Ran grinned at him, and it occurred to Max that this was the first time he’d seen Ran smile.

“You know a lot about dinosaurs,” Ran said.

Uh— “Yeah.”

“You must really like ’em.”

Uh— “Yeah.”

Ran’s grin got wider. “I got something to show you,” he said.

Max hesitated. Being seen with Ran would ruin any chances he had of ever making friends with the cool kids at school.

Ran noticed him hesitating; his grin vanished and something in his expression snapped shut. He stepped back as if to leave.

On the other hand, even a friend like Ran was better than no friend at all. And Max was bored. And—dinosaurs. Why was Ran talking about dinosaurs like they were real? He just had to know what was happening.

“Sure,” said Max. “I gotta be home before dark, though.”

He was casual as he put on his coat, as if he had not hesitated, as if Ran were an old friend instead of a suddenly silent shadow following him out of the library.

“It’s—it’s up at my house,” Ran said abruptly, tucking the ends of his striped scarf inside his coat and jamming his bike helmet on over his neon-red winter hat.

Really? Cool!” Finally Max would get to see inside the big, weird mansion on the hill.

Max’s reaction must have been just right, because Ran’s grin was back as he unchained and mounted the rustiest bicycle Max had ever seen. It also was the noisiest, squeaking and rattling all the way up the hill.

Up they went, past the shoe box houses, up the winding driveway beneath the trees, to the mansion looming bigger and bigger and bigger.

They came to an enormous porch, where Ran chained their bicycles to a pillar.

“Front door,” he said; and, wow: it was the best front door Max had ever seen.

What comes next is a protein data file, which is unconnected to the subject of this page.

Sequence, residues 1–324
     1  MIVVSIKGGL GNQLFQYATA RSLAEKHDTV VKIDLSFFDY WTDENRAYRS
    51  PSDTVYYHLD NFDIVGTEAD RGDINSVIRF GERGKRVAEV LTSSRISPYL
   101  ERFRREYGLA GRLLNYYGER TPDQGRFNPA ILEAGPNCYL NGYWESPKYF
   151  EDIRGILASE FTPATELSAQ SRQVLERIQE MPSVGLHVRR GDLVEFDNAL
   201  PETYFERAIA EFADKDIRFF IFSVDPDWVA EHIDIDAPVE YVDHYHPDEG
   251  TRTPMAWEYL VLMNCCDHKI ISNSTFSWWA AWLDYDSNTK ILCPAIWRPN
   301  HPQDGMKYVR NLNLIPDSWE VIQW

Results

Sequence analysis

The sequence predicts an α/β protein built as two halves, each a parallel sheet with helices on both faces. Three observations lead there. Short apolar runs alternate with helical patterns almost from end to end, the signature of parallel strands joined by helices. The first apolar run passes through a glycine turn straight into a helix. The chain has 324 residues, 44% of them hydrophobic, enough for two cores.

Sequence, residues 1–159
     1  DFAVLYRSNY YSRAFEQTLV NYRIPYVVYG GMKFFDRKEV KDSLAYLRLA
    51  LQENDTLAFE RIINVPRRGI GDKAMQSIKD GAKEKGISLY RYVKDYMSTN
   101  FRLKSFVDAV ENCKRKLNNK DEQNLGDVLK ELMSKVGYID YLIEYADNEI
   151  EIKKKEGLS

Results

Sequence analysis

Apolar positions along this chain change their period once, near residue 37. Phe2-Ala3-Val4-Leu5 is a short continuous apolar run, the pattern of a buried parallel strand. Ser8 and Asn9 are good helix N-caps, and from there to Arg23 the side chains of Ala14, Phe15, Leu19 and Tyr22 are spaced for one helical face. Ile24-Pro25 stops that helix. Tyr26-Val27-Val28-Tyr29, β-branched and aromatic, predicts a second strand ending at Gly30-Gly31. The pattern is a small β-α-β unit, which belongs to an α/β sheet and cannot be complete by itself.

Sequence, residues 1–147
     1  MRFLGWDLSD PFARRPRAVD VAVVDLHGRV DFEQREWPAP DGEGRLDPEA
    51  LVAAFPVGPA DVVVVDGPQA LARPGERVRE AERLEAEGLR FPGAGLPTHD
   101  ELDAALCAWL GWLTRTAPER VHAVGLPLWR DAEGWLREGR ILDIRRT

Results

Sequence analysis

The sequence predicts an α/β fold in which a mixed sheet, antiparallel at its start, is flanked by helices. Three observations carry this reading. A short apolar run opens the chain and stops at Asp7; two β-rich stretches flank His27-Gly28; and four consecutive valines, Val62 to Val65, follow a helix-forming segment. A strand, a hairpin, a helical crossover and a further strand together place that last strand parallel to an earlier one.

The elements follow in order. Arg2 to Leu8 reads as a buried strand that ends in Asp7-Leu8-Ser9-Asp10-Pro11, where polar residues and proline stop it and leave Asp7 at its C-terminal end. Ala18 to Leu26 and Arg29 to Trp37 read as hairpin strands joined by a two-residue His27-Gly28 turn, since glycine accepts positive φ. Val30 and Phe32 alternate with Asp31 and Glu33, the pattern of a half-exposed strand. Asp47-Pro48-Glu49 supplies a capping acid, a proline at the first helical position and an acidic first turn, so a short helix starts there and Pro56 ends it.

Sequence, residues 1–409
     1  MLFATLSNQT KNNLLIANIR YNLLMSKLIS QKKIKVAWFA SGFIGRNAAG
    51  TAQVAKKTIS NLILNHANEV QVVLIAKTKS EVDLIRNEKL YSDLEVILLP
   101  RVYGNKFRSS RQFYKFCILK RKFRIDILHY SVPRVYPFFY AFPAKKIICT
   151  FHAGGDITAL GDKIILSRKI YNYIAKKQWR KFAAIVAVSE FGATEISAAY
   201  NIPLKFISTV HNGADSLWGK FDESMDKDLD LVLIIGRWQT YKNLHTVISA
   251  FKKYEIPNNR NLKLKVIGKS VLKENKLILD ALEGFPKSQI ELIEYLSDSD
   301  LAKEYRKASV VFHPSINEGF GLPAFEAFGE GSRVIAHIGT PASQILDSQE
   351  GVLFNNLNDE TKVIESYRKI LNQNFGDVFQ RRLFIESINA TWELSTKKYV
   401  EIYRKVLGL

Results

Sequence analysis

Around the door were carvings of gods and goddesses. Over the door was carved an old man with a scythe and an hourglass: Father Time. Below him words were cut deep: “ABANDON ALL TIME, YE WHO ENTER HERE.” Really: the weirdest and coolest front door ever. Max’s father would love it.

The inside was just as mind-boggling: under Max’s feet was a vast mosaic of planets and stars and whirling galaxies. Darker patches on the wallpaper showed where huge tapestries or paintings had hung.

“Come on!” Ran called, running ahead.

Max went on, through an enormous stone hall with nothing but a table twenty feet long, through a room with frescoes of people jumping over bulls, to a wall made of panes of glass which Max realized was the entrance to some sort of enormous greenhouse.

Here Ran waited, grinning at him.

Inside the greenhouse was a tangle of palms and huge ferns around a big stone fountain. Max peered through the glass into a tropical world that looked weird under the January sky.

Something moved in the greenery; something shook the green fronds. Max’s breath stopped.

Something else lived in that green world. There were dinosaurs, lots of them.


Want to read the rest?  The House at the Edge of Time is available at Barnes & Noble, Smashwords, Kobo, Inktera, Scribd, and Amazon.

The House at the Edge of Time

cover for The House at the Edge of Time

Some houses are bigger than they look!

Max has a problem: he’s the new kid in school, and nobody wants to be friends. Until Ran invites him home.

And that changes Max’s life.

Because Ran has a secret: his family has a time machine. And his uncle is lost somewhere in time.

So now they’re dodging wolves, a volcano, and a really upset woolly mammoth.

Can they rescue Ran’s uncle? Can they FIND Ran’s uncle?

And can they get the dinosaurs out of the house?


The House at the Edge of Time is available at Barnes & Noble, Smashwords, Kobo, Inktera, Scribd, and Amazon.

A bit of a hello

I write fiction, mostly for middle-grade readers.  I self-publish them, as ebooks and print on demand paperbacks.  I write slowly, but I write carefully.  And people who read my fiction seem to enjoy it.

I also research early American periodicals for children (almost 400 of them).  I’ll try not to mention them here (though they are really cool).

Hello.